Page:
Consider the phrase, “just in case.” For many individuals, these three short words may bring about the image of a person who is ultimately prepared in life. They cause parents of young children to carry snacks and band aids every time they leave the house and others to grab an umbrella on a cloudy day. However, for the person suffering from Obsessive Compulsive Disorder (OCD) these words represent the burden of yet another life rule that must be followed. Just in case I came into contact with a virus, I must sanitize my hands. Just in case my superstitious belief will come true, I must repeat this action.
Have you ever knocked on wood just in case your words about your own good luck may tempt fate and cause your luck to turn bad? You know this thought is probably irrational and the feared event probably won’t happen, but just in case, you did it anyway, didn’t you? Could you resist the urge to do it? Could you tolerate the discomfort of not knowing whether or not you have just shifted your destiny for the worse?
“Just in case” is one example of a thought or cognition that OCD sufferers use to rationalize their compulsions. Learning to ignore those thoughts and choose to do the opposite requires guidance, hard work, and a lot of practice. But most of all it requires a heavy dose of courage. The treatment of choice for OCD is called Cognitive Behavior Therapy. During treatment patients learn to gradually expose themselves to situations that trigger their irrational fears as they discover the irrational nature of this disorder. For many, treatment may be a frightening endeavor, but in the end it provides the promise of freedom from the awesome burden of OCD.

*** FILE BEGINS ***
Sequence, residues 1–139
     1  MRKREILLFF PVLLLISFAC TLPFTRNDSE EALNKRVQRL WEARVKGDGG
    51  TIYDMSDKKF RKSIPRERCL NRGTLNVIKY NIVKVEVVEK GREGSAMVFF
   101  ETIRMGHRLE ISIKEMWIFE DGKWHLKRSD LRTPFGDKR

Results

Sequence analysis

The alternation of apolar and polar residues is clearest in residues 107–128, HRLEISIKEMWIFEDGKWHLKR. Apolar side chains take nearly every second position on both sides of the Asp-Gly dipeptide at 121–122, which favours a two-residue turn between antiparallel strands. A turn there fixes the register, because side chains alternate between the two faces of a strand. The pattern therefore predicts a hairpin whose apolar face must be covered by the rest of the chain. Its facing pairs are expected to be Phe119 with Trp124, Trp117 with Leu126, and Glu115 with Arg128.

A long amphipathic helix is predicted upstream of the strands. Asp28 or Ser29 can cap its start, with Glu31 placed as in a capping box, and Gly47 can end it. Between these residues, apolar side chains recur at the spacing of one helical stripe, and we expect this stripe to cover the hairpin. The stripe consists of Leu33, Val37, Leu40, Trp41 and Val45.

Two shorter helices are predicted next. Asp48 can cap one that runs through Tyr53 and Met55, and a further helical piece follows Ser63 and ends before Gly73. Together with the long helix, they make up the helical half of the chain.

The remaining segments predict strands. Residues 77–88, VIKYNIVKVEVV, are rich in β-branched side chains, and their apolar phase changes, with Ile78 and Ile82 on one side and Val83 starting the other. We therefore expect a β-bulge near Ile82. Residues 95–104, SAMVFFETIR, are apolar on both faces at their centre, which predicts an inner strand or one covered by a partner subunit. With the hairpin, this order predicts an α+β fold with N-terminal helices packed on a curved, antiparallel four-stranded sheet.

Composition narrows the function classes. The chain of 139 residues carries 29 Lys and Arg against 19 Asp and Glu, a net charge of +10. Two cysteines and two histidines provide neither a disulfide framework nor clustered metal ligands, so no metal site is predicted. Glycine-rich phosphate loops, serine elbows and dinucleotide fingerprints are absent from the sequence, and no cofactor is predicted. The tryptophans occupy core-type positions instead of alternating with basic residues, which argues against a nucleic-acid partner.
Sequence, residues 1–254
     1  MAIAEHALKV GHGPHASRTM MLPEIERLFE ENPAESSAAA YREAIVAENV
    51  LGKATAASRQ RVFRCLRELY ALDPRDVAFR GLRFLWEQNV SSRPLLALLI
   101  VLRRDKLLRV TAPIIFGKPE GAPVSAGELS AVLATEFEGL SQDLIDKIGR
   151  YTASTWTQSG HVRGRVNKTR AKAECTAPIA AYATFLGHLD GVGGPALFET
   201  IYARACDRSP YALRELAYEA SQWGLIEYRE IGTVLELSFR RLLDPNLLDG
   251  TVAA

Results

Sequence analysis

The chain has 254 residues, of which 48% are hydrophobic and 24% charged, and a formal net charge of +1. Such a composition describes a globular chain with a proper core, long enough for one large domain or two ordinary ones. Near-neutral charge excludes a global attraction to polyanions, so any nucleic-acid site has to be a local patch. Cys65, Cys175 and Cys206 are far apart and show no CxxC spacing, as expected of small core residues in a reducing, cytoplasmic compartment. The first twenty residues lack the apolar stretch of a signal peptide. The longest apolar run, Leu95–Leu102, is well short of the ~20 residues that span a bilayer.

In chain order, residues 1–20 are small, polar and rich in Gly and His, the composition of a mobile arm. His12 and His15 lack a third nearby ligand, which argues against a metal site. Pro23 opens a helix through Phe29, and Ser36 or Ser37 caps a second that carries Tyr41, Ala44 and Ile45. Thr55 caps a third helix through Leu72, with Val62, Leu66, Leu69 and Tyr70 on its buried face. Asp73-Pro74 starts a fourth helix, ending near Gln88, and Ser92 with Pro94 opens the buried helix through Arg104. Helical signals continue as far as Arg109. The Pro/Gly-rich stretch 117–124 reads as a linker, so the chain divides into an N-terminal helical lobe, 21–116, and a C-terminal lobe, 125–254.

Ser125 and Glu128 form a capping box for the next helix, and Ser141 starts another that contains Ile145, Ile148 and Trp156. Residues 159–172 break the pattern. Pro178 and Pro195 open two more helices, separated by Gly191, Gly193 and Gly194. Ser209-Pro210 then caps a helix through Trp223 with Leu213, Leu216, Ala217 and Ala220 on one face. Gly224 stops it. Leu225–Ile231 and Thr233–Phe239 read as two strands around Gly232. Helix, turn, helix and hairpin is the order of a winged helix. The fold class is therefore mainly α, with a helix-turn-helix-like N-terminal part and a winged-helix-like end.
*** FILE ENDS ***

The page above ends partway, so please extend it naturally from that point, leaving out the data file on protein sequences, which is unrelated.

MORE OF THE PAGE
I am a psychologist who specializes in treating OCD, an often misunderstood affliction. For the past several years of my career, I have been dedicated to gaining an increased understanding of the many layers of this disease and how it can insidiously insert itself into people’s lives. This is the first in a series of blogs that I hope will increase understanding of OCD for the general public and help those who struggle with it feel a little more understood.